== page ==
World oil supplies are likely to fall faster than expected, amid booming consumption in China and the Middle East and shrivelling production capacity, resulting in further price hikes that could put a dent in the global economy, the International Energy Agency has warned.
The world will face an oil “supply crunch” within the next five years, as demand outpaces the growth in production from non-OPEC countries, the IEA has stated in its Medium-Term Oil Market Report on 9 July.
“Despite four years of high oil prices, this report sees increasing market tightness beyond 2010,” the energy policy advisor for industrialised nations said, as it raised its forecasts regarding global oil demand growth from an annual 2% average over the next five years to 2.2%.
The increase will largely be caused by faster growth in Asia and the Middle East, it stated.
At the same time, the IEA reduced its projection for non-OPEC supply, partly because of delays on major oil projects but also because it believes supplies are nearing a peak.
“Our forecast suggests that the non-OPEC, conventional crude component of global production appears, for now, to have reached an effective plateau, rather than a peak,” the report said, adding that any growth in non-OPEC supply over 2007-2012 would come from gas liquids, extra heavy oil, biofuels and, by 2012, some coal-to-liquids production in China.
But the Agency predicts that this growth will be no higher than 1% per year – less than half the pace of the rise in demand – making consumers increasingly dependent on OPEC supplies.
However, its projections regarding OPEC spare capacity – the difference between what its members could produce and what they actually do produce – are also dire, with a sharp decline expected after 2009.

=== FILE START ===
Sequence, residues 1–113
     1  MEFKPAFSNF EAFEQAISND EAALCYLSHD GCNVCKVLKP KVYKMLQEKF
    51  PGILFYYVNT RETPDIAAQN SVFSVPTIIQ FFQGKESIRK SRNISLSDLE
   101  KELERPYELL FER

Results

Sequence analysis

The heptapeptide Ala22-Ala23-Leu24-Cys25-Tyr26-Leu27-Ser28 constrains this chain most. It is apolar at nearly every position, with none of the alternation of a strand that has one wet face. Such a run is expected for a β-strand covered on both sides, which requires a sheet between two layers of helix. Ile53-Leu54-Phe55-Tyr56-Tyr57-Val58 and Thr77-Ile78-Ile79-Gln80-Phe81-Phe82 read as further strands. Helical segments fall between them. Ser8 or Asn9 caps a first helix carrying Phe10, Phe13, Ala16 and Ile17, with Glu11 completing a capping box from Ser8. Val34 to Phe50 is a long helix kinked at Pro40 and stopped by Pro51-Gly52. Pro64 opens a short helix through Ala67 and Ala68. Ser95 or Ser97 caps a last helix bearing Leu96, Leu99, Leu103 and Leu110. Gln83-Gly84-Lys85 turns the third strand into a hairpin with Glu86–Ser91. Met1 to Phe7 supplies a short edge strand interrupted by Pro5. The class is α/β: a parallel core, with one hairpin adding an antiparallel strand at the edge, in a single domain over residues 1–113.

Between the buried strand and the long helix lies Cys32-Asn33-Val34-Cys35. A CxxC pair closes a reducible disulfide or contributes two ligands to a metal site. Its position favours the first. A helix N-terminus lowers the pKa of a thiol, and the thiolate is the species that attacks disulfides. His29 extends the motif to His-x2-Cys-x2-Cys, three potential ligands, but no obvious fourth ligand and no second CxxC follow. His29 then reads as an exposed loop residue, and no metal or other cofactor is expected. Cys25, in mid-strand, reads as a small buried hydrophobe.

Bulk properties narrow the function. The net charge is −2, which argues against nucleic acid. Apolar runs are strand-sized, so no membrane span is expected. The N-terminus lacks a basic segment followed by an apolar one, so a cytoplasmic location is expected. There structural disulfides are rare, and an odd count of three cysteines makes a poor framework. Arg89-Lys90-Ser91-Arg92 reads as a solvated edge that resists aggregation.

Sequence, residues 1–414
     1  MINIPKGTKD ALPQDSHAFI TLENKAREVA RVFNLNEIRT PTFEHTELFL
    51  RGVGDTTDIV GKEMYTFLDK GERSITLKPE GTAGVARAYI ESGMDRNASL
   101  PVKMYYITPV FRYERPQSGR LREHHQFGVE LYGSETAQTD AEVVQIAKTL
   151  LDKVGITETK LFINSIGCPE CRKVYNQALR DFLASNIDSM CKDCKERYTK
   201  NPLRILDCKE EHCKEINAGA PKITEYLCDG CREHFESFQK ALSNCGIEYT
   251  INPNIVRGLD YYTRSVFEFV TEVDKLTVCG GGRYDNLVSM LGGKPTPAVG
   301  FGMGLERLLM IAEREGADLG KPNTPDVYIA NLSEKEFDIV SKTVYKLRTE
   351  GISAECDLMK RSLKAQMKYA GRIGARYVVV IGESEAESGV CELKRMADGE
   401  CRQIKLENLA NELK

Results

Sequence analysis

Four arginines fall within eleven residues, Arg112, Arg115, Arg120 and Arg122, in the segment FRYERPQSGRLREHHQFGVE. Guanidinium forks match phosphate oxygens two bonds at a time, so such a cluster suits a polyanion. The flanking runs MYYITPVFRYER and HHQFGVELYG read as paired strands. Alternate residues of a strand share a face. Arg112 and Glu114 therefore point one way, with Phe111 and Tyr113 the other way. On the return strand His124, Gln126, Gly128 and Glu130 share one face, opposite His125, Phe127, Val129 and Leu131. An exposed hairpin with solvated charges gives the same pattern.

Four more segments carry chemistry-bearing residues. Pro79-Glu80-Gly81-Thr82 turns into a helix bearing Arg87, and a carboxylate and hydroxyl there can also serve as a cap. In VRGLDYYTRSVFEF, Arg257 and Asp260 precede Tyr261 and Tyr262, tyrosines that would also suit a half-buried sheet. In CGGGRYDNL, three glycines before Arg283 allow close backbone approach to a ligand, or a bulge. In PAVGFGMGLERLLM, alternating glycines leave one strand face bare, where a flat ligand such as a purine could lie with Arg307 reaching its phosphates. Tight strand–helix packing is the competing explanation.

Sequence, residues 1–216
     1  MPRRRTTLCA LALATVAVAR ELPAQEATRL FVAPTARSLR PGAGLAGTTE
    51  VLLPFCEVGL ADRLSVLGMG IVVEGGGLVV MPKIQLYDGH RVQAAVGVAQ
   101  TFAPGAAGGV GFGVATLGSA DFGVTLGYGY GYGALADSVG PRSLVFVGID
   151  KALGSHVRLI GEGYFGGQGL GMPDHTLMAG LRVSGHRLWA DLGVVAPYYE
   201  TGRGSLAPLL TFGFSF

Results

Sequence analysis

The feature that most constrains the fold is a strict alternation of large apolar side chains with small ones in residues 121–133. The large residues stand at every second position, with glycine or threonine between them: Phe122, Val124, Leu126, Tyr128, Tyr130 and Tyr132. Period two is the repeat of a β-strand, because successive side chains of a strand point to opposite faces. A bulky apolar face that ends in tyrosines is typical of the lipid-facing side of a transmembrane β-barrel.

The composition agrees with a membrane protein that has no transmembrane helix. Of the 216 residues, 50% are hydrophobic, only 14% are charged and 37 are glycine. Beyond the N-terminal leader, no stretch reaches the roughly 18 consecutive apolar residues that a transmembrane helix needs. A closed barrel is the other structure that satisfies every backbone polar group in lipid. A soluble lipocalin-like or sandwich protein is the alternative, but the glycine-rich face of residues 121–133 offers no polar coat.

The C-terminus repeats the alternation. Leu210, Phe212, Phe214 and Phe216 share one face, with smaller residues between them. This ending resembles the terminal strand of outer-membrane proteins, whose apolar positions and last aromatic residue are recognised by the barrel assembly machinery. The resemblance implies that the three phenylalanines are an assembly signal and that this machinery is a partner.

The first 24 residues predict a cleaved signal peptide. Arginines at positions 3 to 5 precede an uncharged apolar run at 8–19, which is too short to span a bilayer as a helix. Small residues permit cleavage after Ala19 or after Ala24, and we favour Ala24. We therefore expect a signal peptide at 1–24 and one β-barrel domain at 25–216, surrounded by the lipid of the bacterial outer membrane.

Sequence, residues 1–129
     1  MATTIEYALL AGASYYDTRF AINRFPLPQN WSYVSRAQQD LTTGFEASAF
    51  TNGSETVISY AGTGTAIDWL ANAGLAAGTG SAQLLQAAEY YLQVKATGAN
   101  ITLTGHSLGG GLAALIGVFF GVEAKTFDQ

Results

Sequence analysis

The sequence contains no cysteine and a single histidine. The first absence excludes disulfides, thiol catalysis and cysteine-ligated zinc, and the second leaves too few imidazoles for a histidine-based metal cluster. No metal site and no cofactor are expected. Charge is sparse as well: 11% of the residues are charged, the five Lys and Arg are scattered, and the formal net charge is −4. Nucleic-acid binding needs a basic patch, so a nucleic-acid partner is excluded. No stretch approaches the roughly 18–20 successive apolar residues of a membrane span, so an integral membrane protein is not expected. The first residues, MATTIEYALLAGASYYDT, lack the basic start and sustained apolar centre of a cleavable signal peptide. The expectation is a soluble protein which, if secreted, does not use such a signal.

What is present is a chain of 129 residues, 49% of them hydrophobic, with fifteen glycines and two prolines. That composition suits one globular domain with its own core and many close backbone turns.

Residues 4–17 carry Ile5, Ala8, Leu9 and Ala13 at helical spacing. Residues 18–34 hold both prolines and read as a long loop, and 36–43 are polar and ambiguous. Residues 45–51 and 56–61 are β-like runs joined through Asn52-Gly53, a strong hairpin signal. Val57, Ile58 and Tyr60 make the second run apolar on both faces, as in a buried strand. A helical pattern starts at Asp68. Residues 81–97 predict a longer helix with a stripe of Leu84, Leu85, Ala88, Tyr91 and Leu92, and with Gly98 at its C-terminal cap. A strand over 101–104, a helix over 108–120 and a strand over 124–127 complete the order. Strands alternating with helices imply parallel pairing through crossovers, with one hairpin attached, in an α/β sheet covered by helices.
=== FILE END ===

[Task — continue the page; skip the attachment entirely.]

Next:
“Low OPEC spare capacity and slow non-OPEC production growth are of significant concern,” stressed the report, adding: “It is possible that the supply crunch could be deferred — but not by much.”
While biofuel production is expected to double over the next few years, it will still only account for 2% of global oil supplies by 2012, said the Agency. Lawrence Eagles, head of the IEA’s oil industry and markets division, said: “The results of our analysis are quite strong. Either we need to have more supplies coming on stream or we need to have lower demand growth.”
Some analysts are nevertheless calling the report “alarmist”, viewing it as an attempt to force an OPEC supply increase. They also believe that such warnings are actually partly to blame for current high oil prices, which rose to over $76 a barrel on 9 July. “The International Energy Agency has put such a fear premium in the market that crude futures remain bought no matter what,” Olivier Jakob of Petromatrix, a trade advisory and risk management company specialised in oil and commodities, told Reuters.
However, Eagles said: “We are there to project the market as we see it. The price response is due to fundamentals. We are simply pointing out the fundamentals – that’s our job.”